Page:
Clowning Caper | Verve Magazine
India's premier luxury lifestyle women's magazine
October 10, 2013

Clowning Caper

Text by Neha Gupta.

On her recent visit to Brussels for the Festival of Comic, Neha Gupta found herself in a conversation with Tintin, an introduction to Spirou and a meal with the Smurfs

One of those famous, and possibly the first few alluring comic creators was Belgium’s Hergé – better known for his character, Tintin. Actually, the French phonetic sounds of the initials of his birth name Remi George formed Hergé. It was this luminary designer who made comics international. Even though he had not travelled till after the release of The Adventures Of Tintin’s third album, he sent his protagonist on quests around the world. Hergé used to read a lot and through his reading-knowledge, created these worlds not far from reality. Maybe that’s why we can spot inaccurate dimensions for most animals in his early works. Still, Tintin gained much momentum, more so after Steven Spielberg made a film on his exciting activities, admitting that this series is the inspiration behind Indiana Jones. This was how America was introduced to him. This is also why Belgium’s Comic Festival has stood proud of Tintin as the base.

The first comic festival was held in 1971. After that several festivals were held at various venues. It was in 2009 when they all came together to fascinate and charm 45,000 visitors for the first time. This year, in September 2013, the theme of the third comic festival revolved around Hergé himself for a change. Yes, there were a lot of Smurfs and Obelix and local cartoon characters like Spirou waving at you at the Place De Palais in Brussels. Second-hand comic stalls were a dive into nostalgia. Many neat sketches from the desks of Belgium’s burgeoning designers were created while you watched over their shoulders. Of course stuffed replicas of characters and figurines completed the little multi-faceted fete. But the main focus was on Hergé’s life as an illustrator through preserved documents of his initial sketches. There were even two Tintin cars at the exhibition with backgrounds of the hero illustrated in them with his friend, the captain, the other extreme in personality.

For some reason the locals found it entertaining to watch the inflation of balloons on the third day of the festival. There wasn’t much bustling around the square since pumping helium into the swelling cut-outs required continuing that one action in one place. Some helped by holding strings attached to the blow-ups and others simply watched while munching on famous Belgium potato fries. This was all in preparation for the balloon parade where the Atomium, Manneken Pis, Snowy, Spip, and of course Spirou and Tintin themselves, and others floated down the streets of Brussels.

Being a small population, and having only recently started recognising its potential as a tourist destination, the crowd of parade-spectators was of a modest size. This just made the event a lot more fun with less pushing and more looking. Men dressed in uniform twirled flags in honour of their paper heroes. A lot of students waved their fists in enthusiasm at each passing cartoon character. It could be safe to assume they are part of one of the three major design schools in Belgium – Ecole de Bruxelles, Ecole de Marcinelle and Antwerp’s Royal Academy of Fine Arts. Many visit Belgium just to achieve a doctorate in comics!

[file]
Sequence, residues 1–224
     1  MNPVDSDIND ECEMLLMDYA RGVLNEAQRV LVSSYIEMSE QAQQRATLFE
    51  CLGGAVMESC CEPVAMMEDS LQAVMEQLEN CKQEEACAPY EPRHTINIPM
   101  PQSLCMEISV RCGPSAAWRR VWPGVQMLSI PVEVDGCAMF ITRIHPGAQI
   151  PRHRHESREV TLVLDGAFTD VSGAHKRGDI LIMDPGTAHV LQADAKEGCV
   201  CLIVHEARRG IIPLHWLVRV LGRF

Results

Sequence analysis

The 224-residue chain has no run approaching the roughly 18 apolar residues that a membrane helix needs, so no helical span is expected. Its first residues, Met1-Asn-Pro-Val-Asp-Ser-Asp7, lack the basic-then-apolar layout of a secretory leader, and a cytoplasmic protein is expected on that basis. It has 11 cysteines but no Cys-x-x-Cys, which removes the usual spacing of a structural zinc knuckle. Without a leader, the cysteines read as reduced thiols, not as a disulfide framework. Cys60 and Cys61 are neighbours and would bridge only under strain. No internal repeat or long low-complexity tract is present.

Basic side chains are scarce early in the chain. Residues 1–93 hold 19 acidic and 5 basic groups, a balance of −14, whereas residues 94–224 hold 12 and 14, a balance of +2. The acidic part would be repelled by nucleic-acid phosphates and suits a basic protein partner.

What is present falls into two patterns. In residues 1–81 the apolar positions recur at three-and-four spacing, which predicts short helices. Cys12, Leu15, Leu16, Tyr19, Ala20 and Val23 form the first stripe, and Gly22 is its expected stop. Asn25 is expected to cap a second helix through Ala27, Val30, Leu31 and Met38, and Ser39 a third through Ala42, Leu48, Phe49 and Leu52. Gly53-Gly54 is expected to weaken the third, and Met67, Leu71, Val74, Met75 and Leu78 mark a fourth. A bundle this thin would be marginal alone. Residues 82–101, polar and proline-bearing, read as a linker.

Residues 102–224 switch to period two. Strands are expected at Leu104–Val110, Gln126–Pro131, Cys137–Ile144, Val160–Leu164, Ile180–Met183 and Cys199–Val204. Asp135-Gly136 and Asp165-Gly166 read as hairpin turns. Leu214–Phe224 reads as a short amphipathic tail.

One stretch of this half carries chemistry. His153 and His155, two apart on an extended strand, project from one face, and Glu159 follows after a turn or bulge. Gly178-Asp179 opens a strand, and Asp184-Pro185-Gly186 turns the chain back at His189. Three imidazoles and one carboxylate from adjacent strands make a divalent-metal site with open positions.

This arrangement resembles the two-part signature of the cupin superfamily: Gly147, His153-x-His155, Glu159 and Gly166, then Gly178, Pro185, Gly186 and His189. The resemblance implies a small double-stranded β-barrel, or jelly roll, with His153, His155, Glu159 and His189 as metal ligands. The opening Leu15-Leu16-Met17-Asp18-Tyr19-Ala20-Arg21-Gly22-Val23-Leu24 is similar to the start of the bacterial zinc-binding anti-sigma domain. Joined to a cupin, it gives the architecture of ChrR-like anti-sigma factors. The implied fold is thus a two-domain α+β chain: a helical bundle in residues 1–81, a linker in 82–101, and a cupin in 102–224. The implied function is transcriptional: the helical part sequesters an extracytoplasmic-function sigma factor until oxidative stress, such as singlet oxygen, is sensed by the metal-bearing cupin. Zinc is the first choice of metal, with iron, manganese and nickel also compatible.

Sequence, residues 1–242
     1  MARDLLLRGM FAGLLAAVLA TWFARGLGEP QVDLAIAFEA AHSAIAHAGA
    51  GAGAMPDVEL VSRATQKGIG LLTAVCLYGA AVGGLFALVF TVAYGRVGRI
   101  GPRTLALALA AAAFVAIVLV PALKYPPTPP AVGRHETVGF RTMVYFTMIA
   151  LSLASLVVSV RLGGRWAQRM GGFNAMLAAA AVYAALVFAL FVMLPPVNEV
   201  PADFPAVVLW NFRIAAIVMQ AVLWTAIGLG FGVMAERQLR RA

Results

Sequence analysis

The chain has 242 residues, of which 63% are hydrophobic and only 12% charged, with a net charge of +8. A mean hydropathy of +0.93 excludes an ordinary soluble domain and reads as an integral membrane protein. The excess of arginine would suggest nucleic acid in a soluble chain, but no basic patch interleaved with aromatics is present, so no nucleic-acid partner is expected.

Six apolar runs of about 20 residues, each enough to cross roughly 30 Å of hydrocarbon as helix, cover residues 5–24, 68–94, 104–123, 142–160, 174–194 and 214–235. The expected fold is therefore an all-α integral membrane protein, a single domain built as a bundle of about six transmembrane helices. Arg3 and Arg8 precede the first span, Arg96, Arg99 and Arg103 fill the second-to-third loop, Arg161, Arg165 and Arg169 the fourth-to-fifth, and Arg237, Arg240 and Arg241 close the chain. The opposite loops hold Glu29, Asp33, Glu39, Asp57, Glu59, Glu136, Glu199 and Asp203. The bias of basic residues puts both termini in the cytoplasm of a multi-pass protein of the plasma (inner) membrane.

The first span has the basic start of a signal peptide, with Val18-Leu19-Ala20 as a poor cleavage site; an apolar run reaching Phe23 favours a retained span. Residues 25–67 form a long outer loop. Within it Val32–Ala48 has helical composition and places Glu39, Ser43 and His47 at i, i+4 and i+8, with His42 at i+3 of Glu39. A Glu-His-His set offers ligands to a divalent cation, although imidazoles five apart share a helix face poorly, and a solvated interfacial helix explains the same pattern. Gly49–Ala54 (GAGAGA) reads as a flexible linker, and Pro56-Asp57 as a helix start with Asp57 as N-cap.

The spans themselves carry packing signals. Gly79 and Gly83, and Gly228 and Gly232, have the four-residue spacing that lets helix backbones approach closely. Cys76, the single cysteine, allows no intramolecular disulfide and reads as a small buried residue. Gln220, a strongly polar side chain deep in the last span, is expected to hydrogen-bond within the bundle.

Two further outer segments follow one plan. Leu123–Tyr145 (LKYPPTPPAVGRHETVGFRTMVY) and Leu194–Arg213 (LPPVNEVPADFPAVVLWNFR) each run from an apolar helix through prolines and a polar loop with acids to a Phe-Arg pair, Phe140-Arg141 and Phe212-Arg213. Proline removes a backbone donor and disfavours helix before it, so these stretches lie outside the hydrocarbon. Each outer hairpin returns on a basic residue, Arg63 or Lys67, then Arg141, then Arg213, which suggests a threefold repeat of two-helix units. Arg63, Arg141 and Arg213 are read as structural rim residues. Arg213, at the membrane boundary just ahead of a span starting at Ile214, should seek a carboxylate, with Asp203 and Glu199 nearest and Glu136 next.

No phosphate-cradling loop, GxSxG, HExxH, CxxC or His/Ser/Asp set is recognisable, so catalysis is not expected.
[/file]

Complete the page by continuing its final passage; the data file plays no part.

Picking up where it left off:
Comics are taken very seriously here – so intensely that auctions for their statues and balloons can cross the thousand euro mark with guilt-free ease. To commemorate them, each year Festival of Comics exhibits ‘Extraordinary Pages’ where one artist offers his perceptions on works of a significant Belgian comic creator. This time, Ever Meulen showcased his childhood inspiration, Wills of Tif et Tondu. Even as a foreigner, simply watching the drawings tugged at a smile, in spite of limited command over the French language.

Not far from here is the Belgian Comic Strip Center. It is interesting how Victor Horta designed the building. Nature is represented by the mouldings on its balcony railings, the floor, though not very glaringly was designed to resemble rain puddles. Then the granite below a prominently placed lamppost is earth, and the glass globes affixed on it are planets, with the top most posing as the sun. That is a whole ecological life there!

But the most mesmerising bit of the entire festival was the 3D video, light, laser and pyrotechnics show on the facades of the Place Royale – Battle Of The Comics. Characters ran across the facades, vanquished in life-like blasts, chased each other, were stepped on by stronger beings – all of this tracked through the progressing years from the early 20th century. It involves you to such an extent that you forget the building is actually a solid structure; up until the graphics disappear and the finale fires the dark sky with sparkling explosives.

Comics were conjured up to amuse. But a third of a century ago, Belgium employed them with a little agenda that went beyond entertainment at the time. Since major political parties were linked to newspapers, they paid illustrators to publish with them. This way they had school children, mainly boys attracted to that print media, hopefully flipping through the remaining stories as well and simultaneously being influenced into growing up as supportive voters.

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